The "conservation industry" – groups such as The Nature Conservancy, WWF, Conservation International, consultants and auditors of REDD+ projects – and funders like the World Bank celebrated the formal recognition of REDD+ in the Paris Agreement on Climate Change in December 2015. They have been lobbying for an inclusion of REDD+ into global carbon markets established by the UN's Kyoto Protocol for nearly a decade. For communities affected by REDD+ projects and programmes, however, the news will have been no reason to celebrate. Faced with harassment, tenure insecurity and restrictions on their traditional forest use, forest peoples and traditional forest users have been on the sharp edge of the REDD+ experiment that has seen the conservation industry pocket hundreds of millions, if not billions, of dollars, Norwegian kronor and euros for the unfulfilled promise to turn REDD+ into a successful forest conservation tool that will halt deforestation.
In reality, REDD+ is not designed to protect forests or reduce deforestation but to enable corporations and industrialized countries to continue burning fossil carbon even longer. Instead, REDD+ falsely singles out small-scale farming and shifting cultivation as the main cause for the destruction of tropical forests. Perhaps it should not come as a surprise that the result of 10 years of conservation industry experimenting with REDD+ is an increase in forest loss in several areas where REDD+ projects have been implemented - REDD-Early Movers programme in Acre, Brazil and the Mai N'dombe REDD+ project in the Democratic Republic of Congo, to name just a few (1). Worse than that, REDD+ implementation on the ground has resulted in severe restrictions on forest peoples' traditional land use while large-scale cattle ranching, mining, hydro-dam and infrastructure developments continue unabated, destroying large swaths of tropical forests. Thus, REDD+ has shown to be the wrong tool for tackling the drivers of large-scale destruction. (2)
Yet, despite the dismal track-record of REDD+ over the past 10 years, corporate and institutional investors and their partners from the conservation industry keep announcing new REDD+ initiatives. The European Investment Bank, Conservation International and an investment fund called 'Althelia Climate Fund', for example, received a total of US$53.5 million (US$ 35 million investment and US$ 18.5 million as grant) from the UN Climate Convention's Green Climate Fund (3) for a REDD+ programme in Madagascar. Norway, corporations from the global food industry (responsible for deforestation and substantial greenhouse gas emissions) and the World Bank's Global Environmental Facility (GEF) announced a new "tropical forest and agriculture focused fund" at the World Economic Forum 2017 in the Swiss luxury ski resort Davos. The new fund is said to use a 'jurisdictional approach', (see below), and mentions Brazil and Indonesia as initial countries where projects are to take place. Global food companies that are said to be interested in supporting the fund include Carrefour, Mars, Nestlé, and Unilever – the latter having announced an investment of US$25 million over a five year period into the fund.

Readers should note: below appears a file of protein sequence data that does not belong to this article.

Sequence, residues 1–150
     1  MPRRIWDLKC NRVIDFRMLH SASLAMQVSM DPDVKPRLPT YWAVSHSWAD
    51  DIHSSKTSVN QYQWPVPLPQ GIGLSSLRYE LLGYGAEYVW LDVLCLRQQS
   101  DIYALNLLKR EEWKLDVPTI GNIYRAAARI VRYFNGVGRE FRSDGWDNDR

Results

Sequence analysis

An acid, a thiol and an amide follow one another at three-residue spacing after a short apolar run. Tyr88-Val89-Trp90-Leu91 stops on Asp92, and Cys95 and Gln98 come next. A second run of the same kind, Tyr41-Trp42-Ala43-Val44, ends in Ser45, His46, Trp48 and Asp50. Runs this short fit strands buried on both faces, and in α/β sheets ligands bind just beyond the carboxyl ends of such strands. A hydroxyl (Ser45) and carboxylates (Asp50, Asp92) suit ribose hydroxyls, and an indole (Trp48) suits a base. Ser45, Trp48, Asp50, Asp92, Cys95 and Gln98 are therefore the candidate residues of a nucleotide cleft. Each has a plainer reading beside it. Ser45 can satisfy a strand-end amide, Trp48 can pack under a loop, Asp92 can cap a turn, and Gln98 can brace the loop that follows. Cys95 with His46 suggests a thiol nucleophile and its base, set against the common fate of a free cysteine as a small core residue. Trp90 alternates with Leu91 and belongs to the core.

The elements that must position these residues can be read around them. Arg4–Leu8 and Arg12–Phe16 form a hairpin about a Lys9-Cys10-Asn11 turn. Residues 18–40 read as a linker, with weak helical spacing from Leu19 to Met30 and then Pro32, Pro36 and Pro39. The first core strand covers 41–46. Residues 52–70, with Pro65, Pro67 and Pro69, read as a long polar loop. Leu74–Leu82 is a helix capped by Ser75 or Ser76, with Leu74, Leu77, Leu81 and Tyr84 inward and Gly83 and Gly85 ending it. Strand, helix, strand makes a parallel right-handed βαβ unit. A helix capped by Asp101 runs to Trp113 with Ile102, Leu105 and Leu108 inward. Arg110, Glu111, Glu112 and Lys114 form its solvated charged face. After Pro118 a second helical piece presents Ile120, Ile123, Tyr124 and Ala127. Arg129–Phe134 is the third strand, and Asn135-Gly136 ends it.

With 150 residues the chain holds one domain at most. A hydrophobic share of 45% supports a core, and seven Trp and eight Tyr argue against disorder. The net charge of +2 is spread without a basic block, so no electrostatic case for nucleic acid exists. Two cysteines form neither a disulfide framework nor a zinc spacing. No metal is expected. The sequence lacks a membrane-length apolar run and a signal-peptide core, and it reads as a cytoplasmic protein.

But do these global food corporations really want us make believe they care about forests and forest peoples' rights? The motive of protecting market shares – and therefore, profit margins - in industrialized countries and urban centers where consumers increasingly demand 'deforestation-free' products seems more plausible. It would also explain why these corporations are not presenting initiatives to reduce corporate control of the international food system and a strengthening of the less carbon-intensive peasant farming models. Expecting such measures from global food corporations would be like expecting that fossil fuel corporations lobby the UN to adopt a strong climate agreement that clearly spells out an end to fossil carbon burning in the near future.
Why do governments such as Norway and Germany, the European Investment Bank (EIB) and corporations such as Unilever keep pouring new money into REDD+ despite the initiative having "fallen far short of what was hoped"? (4) A recent academic article provides some explanation. 'Promising Change, Delivering Continuity: REDD+ as Conservation Fad' explains that for the conservation and development industry, REDD+ serves to help them ensure "to generate value and appropriate ﬁnancial resources." (5) A fad is a "form of collective behavior that develops within a culture, a generation or social group and which impulse is followed enthusiastically by a group of people for a finite period of time". And usually, effectiveness or suitability of the fad to the solving of the actual problem matters little.